'allo 'allo, meet the gentle giant from France who's here for love

Deborah Smith April 04, 2012

'allo 'allo ... Kibali makes himself at home at Taronga after flying from France.

'allo 'allo ... Kibali makes himself at home at Taronga after flying from France. Photo: Taronga zoo

There is a new French lover in town.

Kibali, a male gorilla from France, has arrived at Taronga Zoo and is already living with a Sydney-born female gorilla called Kimya.

The 11-year old paramour was specially selected for his genes and his calm personality as part of a global effort to breed and protect critically endangered Western Lowland Gorillas.

Although Kibali is still an adolescent, with black fur, he will eventually become the new silverback for the Sydney colony, able to mate with other females to expand the group's genetic diversity.

He will have big footsteps to fill, with the current silverback, Kibabu, having sired 14 offspring.

Erna Walraven, the zoos' senior curator, said a network of more than 600 zoos across the world work together "like a giant Noah's Ark" to help save many threatened species.

Taronga staff visited European zoos in 2011 to select the best new male for Sydney.

She said Kibali's French birthplace, La Vallee des Singes in Romagne, had a community of gorillas that behaved in a similar manner to a wild group, just as Taronga's group, which originally came from Holland in 1996, does.

“Our gorilla family are renowned for their stability, natural behaviours and breeding successes, so we wanted a male who knew how to live in a natural family situation, had seen females give birth and rear their own young and who had been privileged enough to learn good leadership traits by watching another successful silverback," she said.

Primate Manager, Lou Grossfeldt, said his arrival was exciting. "He's a very gentle gorilla and has a really calm nature. In years to come I think he'll be an exceptional leader.”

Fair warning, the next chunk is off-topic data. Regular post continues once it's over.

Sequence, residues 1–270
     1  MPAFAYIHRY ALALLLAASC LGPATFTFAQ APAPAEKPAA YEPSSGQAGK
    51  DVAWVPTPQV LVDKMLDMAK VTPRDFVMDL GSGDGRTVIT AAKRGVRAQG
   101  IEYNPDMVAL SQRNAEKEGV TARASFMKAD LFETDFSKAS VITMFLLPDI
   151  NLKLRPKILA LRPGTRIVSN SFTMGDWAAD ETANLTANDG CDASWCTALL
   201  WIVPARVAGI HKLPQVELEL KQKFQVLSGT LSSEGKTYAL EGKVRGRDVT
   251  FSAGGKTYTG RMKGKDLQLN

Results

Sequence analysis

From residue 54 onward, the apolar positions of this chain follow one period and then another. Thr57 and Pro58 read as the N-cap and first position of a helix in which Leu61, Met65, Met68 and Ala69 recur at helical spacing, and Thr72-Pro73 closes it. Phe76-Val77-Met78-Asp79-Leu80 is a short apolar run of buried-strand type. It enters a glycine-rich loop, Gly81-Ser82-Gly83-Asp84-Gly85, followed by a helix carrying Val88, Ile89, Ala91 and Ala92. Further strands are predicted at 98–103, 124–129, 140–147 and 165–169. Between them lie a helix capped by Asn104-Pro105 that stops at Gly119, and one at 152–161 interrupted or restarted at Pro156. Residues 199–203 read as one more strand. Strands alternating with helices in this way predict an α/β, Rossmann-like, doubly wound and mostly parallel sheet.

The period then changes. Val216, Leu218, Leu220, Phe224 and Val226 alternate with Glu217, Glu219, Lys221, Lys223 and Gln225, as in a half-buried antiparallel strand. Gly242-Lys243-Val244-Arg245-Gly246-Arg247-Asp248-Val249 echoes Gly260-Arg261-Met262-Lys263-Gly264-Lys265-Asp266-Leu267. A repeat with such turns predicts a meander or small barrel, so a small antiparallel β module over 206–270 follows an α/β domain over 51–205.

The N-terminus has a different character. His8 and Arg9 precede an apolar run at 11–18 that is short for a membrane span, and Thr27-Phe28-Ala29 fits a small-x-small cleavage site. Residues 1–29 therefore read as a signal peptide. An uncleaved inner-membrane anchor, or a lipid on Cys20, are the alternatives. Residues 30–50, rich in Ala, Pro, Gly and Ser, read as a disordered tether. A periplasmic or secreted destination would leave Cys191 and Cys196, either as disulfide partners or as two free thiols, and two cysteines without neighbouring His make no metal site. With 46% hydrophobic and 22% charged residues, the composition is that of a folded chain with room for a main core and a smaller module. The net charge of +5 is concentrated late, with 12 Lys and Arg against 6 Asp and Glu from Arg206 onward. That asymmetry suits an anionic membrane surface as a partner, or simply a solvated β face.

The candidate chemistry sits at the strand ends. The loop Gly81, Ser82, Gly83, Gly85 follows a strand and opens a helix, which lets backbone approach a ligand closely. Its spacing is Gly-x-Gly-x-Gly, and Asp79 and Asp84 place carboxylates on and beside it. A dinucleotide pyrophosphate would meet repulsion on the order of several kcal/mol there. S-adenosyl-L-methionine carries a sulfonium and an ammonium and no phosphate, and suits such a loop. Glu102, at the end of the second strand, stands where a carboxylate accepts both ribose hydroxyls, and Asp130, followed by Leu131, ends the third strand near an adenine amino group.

She said seven year old Kimya's name meant "quiet one" in Swahili. "So they're a good match in terms of temperament and age."

In the wild, both adolescents would have been getting ready to leave their maternal groups in search of a mate.

"We've just helped them out with that process," she said.

Fewer than 100,000 Western Lowland Gorillas remain in the wild.

Male gorillas born at Taronga now reside in Japanese and European zoos, introducing their important genetics and establish their own breeding groups.

Taronga also works with the Great Ape Survival Project to help conserve the Cross River Gorilla, of which less than 200 individuals remain in the wild.

Financial assistance helps employ wildlife rangers to patrol the areas where this critically endangered species is found. the zoo said.

Taronga visitors can also help struggling wild gorilla populations by recycling their old mobile phones which lessens mining in gorilla habitat for a mineral called coltan which is used in many electronics.

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